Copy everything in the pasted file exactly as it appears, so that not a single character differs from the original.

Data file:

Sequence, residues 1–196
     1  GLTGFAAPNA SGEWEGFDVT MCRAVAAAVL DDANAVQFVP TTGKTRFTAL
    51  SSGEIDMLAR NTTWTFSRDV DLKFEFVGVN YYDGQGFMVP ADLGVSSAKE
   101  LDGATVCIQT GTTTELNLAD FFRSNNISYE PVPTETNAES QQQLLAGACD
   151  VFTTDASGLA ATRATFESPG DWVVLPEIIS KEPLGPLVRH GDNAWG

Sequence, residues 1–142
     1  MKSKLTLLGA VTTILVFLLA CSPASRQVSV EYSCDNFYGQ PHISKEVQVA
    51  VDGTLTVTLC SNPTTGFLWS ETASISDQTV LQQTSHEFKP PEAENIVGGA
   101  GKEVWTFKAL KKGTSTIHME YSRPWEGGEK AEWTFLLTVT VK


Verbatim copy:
Sequence, residues 1–196
     1  GLTGFAAPNA SGEWEGFDVT MCRAVAAAVL DDANAVQFVP TTGKTRFTAL
    51  SSGEIDMLAR NTTWTFSRDV DLKFEFVGVN YYDGQGFMVP ADLGVSSAKE
   101  LDGATVCIQT GTTTELNLAD FFRSNNISYE PVPTETNAES QQQLLAGACD
   151  VFTTDASGLA ATRATFESPG DWVVLPEIIS KEPLGPLVRH GDNAWG

Sequence, residues 1–142
     1  MKSKLTLLGA VTTILVFLLA CSPASRQVSV EYSCDNFYGQ PHISKEVQVA
    51  VDGTLTVTLC SNPTTGFLWS ETASISDQTV LQQTSHEFKP PEAENIVGGA
   101  GKEVWTFKAL KKGTSTIHME YSRPWEGGEK AEWTFLLTVT VK